Armed with a deeper sense of self, both online and offline, students will then explore their media consumption and analyze its impact on their view of the world. Traditional media literacy curricula have focused on dissecting messages, both explicit and implicit, in mass media and advertising. But the digital revolution has placed citizens in the publisher’s seat. This shift requires a media literacy curricula that will challenge student to critique production as well as consumption.
Focusing on the businesses driving the social web, Unit 2 will explore what is behind their Facebook newsfeed and Tumblr dashboard. Digital media are an important part of every teenager’s socialization and sense of belonging, “at the same time, the meanings that may be derived by young people may be subtly shaped and limited by consumer culture” (Williamson, 2013, p. 6). Students should understand that there’s no such thing as a “free” app or product online. It is the modern day equivalent of “there’s no such thing as a free lunch.” By using these media, as consumers, we are agreeing to give up a lot of privacy and allow marketers to track our behavior. We are agreeing to have our spending habits, worldview, social priorities, and our self concepts markedly influenced for capital gain.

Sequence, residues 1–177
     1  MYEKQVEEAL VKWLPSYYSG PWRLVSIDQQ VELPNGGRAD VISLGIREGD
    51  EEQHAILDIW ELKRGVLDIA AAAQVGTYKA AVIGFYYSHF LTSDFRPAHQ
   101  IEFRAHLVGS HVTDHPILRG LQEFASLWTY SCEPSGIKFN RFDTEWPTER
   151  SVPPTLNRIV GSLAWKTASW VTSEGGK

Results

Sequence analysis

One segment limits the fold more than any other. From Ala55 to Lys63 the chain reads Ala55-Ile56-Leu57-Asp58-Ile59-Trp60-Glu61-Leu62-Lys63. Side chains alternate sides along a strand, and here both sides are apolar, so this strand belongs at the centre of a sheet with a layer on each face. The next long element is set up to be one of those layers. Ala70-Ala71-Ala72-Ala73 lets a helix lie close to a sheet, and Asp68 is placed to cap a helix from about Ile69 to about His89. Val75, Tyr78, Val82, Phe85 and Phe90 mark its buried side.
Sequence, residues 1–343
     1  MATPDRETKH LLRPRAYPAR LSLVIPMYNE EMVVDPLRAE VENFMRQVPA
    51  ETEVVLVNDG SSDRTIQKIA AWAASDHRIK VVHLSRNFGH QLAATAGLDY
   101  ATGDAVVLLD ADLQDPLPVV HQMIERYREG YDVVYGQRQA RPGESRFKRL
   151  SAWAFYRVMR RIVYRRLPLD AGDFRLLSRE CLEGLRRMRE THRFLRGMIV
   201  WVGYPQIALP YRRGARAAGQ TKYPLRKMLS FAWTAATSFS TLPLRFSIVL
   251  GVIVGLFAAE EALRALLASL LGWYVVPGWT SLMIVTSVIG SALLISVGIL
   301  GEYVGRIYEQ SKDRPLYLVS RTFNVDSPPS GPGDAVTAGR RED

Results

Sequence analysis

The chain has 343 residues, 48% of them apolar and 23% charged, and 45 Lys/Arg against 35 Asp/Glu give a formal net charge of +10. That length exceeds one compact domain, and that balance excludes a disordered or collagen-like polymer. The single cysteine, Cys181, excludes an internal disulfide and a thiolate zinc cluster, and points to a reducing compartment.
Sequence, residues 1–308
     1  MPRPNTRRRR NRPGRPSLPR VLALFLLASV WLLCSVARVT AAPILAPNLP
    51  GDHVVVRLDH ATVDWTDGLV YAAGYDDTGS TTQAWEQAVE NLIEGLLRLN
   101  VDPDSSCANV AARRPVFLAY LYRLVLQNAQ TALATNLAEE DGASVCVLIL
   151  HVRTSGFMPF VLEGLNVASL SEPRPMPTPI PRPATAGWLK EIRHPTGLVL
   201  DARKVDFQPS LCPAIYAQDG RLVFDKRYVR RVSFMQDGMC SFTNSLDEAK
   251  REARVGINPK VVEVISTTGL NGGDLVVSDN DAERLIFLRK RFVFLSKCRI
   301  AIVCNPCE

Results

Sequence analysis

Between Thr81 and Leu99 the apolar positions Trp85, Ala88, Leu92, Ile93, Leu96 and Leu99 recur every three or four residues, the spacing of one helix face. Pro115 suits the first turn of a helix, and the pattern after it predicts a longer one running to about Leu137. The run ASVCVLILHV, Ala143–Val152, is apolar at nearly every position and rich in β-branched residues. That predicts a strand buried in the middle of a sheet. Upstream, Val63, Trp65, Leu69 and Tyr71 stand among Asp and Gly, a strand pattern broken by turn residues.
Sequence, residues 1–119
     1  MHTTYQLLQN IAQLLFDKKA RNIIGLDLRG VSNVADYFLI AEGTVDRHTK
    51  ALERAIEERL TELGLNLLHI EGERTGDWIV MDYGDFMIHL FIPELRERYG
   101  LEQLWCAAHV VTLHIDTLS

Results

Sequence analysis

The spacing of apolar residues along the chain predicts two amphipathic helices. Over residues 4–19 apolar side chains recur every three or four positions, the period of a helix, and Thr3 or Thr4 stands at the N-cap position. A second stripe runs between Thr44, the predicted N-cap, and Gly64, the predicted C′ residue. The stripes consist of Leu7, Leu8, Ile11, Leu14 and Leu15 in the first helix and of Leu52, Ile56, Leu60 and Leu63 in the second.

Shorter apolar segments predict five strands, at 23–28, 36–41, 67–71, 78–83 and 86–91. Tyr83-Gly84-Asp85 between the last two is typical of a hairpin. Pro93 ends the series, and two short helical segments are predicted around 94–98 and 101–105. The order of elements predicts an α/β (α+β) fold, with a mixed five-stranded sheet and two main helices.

The ability to evaluate the quality and credibility of web content is an essential skill in today’s connected world. As Buckingham (2007) explains, “Rather than seeing the web as a neutral source of ‘information,’ students need to be asking questions about the sources of that information, the interests of its producers and how it represents the world” (p. 113). This unit will explore Internet authorship and copyright and how to determine whether a source is trustworthy or not.
Ultimately, the media literacy unit is designed to “maximize what we value most about the empowering characteristics of media and technology while minimizing its negative dimensions” (Hobbs, 2010, p. xi). In their paper on critical pedagogy in social media literacy, Burnett & Merchant (2011) call for “a movement from what are we doing in social media to a consideration of what might we be doing in social media” and suggests a “practice that is prospective rather than retrospective” (p. 54-55). This prospective approach is the focus of our following unit on social activism in social media.Download Unit 2 Plan